More on Moore ...
"Tragedies, I was coming to realize through my daily studies in the humanities both in and out of the classroom, were a luxury. They were constructions of an affluent society, full of sorrow and truth but without moral function. Stories of the vanquishing of the spirit expressed and underscored a certain societal spirit to spare. ... Where life was meagerer, where tables were only half full, the comic triumph of the poor was the useful demi-lie. Jokes were needed. ... And to ease the suffering of the listener, things had better be funny. Though they weren't always. And this is how, sometimes, stories failed us: Not that funny. Or worse, not funny in the least."
Of course, Moore's novel is funny, though not in any consoling way, weirdly, beautifully, madly, angrily funny. These lines, from Tassie Keltjin, our narrator of A Gate at the Stairs, express not only the class-consciousness of Moore's novel, but also its interrogation of conventional ideas about comedy and tragedy, and the function of storytelling in general. In a post-9/11 world, what can be more tragic than the absurdity of a phrase such as "enduring freedom," a phrase which has the power to lead to all sorts of violence, rhetorical and physical and psychological? As the psychoanalysts Davoine and Gaudillière have suggested in their work History Beyond Trauma, war ruptures the symbolic order and leads to a kind of madness, a break, a silence, a confrontation with an utter loss of meaning.
This is a deeply melancholic novel, bearing the marks of numerous losses that cannot be overcome or wished away. Moore refuses us all consolation (the tenderest expression of mourning here is also the novel's most mad moment). The novel addresses itself to the holes left by lost objects. Tassie is reading Rumi throughout, and though I don't know much about Rumi, what little I have read reminds me of the erotic poetry of Christian mystics like St. John of the Cross, whose love poetry to God is addressed, as Michel de Certeau has written, to a missing being. If God is dead in this novel, this loss still haunts with an absence nearly indistinguishable from presence, and it is to this haunting near-presence, which takes various forms in the novel, Tassie addresses herself.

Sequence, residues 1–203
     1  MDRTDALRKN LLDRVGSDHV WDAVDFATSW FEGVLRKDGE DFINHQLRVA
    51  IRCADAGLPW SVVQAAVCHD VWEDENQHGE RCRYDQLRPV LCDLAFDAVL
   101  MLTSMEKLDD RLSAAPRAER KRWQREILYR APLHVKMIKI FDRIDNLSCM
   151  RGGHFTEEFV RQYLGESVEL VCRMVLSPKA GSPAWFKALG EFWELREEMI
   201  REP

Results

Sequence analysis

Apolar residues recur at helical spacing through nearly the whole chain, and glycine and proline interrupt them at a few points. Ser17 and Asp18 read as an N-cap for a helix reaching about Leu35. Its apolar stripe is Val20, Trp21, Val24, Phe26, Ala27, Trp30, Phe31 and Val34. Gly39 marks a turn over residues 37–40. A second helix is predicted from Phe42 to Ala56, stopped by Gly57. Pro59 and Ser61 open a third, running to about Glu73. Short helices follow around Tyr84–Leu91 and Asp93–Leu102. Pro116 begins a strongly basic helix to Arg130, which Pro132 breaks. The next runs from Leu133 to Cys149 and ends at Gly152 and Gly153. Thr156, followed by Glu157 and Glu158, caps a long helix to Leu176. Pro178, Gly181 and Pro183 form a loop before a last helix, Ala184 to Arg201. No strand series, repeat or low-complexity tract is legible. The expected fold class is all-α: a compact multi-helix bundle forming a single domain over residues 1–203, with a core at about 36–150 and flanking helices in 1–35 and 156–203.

While the novel is about class, education, race, war, and death, it is also, profoundly, about love. Not the kind of love that ends in a wedding, like a fairy tale, "Reader, I married him," but the kind poured out to an absence that will never answer. This novel ends with a witty, brazen response to Jane Eyre, to all novels of education and development and whatever definitions of the humanities they imply. Here, humanistic education is an education in the necessary impossibility of love.
But I don't want to overdo it too much. The novel is melancholically angry, too, about the violence that surrounds us, in small and large ways, and this bursts out in some of the most crazily funny lines and the most intensely lyrical descriptions I have read in recent years. This experience, more than anything else, is what stays with me.